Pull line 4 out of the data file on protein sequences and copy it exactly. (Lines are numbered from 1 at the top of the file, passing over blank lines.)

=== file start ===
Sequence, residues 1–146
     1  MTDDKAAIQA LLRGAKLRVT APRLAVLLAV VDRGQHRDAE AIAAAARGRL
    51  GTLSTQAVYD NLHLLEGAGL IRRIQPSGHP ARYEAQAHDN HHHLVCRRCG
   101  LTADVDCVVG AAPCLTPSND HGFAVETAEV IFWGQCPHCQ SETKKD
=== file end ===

   101  LTADVDCVVG AAPCLTPSND HGFAVETAEV IFWGQCPHCQ SETKKD